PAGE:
Often as not, I have little to say with respect to specific holidays. However, on Sunday, my pastor gave an outstanding sermon that linked Memorial Day and the courage to testify to the truth of Christianity. He left me feeling a little confused. Usually, when one hears a sermon, we expect clarity and inspiration, not confusion. Nonetheless, I was left in confusion and still liked the sermon.
It is when we are in confusion that we think. What is Memorial Day? Wikipedia provides a history here. The holiday began after the Civil War. After hundreds of thousands died, their battlefields slowly became national parks. These parks now protect the stone and masonary monuments that mark the sorrows of the survivors of the Civil War. Unfortunately, wars never end. So we also honor the dead of other wars on Memorial Day.
The generation that fought the last great war is nearly gone. Most of us have never known war. Few of us can or will be soldiers. We are at war, but this battle against terrorism involves few of us. To many, it seems nothing more than an expensive nuisance (a measure of the success of those fighting this war). What is there about Memorial Day we need to learn, to celebrate? What in our daily lives requires courage and patriotism?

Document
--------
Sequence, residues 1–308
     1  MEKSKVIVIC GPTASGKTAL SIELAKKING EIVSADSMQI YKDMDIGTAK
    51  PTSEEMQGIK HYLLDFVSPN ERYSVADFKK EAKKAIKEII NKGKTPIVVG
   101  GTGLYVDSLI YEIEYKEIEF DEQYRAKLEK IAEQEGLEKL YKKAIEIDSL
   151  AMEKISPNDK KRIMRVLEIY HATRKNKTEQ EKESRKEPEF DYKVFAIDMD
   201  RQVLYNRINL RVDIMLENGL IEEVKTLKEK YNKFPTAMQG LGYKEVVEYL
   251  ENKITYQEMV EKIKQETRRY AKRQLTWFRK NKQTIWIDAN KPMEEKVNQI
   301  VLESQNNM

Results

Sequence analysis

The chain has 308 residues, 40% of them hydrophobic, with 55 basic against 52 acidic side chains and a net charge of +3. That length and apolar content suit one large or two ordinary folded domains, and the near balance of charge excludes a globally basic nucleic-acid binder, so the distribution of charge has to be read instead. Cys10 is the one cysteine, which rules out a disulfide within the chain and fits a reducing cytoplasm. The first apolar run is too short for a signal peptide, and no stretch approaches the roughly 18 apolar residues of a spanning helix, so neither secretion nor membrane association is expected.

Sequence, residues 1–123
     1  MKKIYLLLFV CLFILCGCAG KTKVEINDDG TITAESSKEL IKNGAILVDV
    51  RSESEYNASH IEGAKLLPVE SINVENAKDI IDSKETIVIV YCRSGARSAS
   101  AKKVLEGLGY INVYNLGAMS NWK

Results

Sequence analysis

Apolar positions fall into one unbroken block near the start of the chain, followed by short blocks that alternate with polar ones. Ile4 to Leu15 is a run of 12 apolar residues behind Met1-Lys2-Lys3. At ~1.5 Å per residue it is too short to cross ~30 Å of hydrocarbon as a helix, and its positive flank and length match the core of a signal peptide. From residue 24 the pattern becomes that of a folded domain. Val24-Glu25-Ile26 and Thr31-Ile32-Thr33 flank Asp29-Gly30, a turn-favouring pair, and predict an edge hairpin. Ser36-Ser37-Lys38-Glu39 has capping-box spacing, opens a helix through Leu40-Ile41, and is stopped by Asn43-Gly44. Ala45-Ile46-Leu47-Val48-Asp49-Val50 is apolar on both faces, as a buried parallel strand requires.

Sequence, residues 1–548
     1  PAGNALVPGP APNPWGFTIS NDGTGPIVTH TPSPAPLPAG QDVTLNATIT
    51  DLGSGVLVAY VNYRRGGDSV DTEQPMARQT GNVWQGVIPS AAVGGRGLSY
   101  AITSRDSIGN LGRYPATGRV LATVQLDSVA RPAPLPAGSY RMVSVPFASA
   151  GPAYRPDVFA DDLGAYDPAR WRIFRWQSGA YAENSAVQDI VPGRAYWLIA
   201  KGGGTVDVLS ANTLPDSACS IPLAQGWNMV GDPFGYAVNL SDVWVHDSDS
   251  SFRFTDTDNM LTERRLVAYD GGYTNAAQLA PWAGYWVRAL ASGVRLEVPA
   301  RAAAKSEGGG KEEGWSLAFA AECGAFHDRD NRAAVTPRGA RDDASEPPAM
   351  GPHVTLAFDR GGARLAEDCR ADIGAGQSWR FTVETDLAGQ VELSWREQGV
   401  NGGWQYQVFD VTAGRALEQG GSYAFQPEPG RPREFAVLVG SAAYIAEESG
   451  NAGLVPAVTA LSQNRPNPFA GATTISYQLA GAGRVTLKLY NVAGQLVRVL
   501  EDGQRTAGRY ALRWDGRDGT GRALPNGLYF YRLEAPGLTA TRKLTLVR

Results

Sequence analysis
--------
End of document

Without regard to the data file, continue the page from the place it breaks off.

My pastor spoke of the courage of Peter and John (Acts 4). Inspired by the Holy Spirit, Peter and John spoke before the Sanhedrin and the people of Jerusalem. They spoke before men with the authority to have them flogged for speaking the truth about Christ. What demands such courage of us? What demands of us the courage to face the horrors a battlefield?
Each day in our life, we have a choice. What do I do with this day? Some amongst us are true heros. When you look upon them, you may at first observe that God has given them much. However, in time you may also observe that these people endeavor to give as much back to their neighbors. For example, Prince William County is blessed with relatively good public schools (see here). We owe much of this success to the dedicated members of our School Board.
The members of the School Board are essentially volunteers. In return for managing a billion-dollar plus budget, we pay them each about $12,000/year. These highly qualified people often work 20-hour weeks. That is in addition to working their full time jobs. Moreover, they submit themselves to the judgement of the community.
What our School Board members (and our other public officials) do requires great courage, fortitude, and generosity. Though few on our School Board will die as a consequence of bullet wounds or cannon fire, there are, undoubtedly, many who would rather face the horrors of a battlefield. Even unseen wounds can still be full of pain.
Although we dedicate Memorial Day to those who sacrificed their lives for us on battlefields around the world, we must not forget the debt we owe to those who honorably serve us within our communities. These people give us a great many precious moments of their lives. Please take the time to thank your School Board member.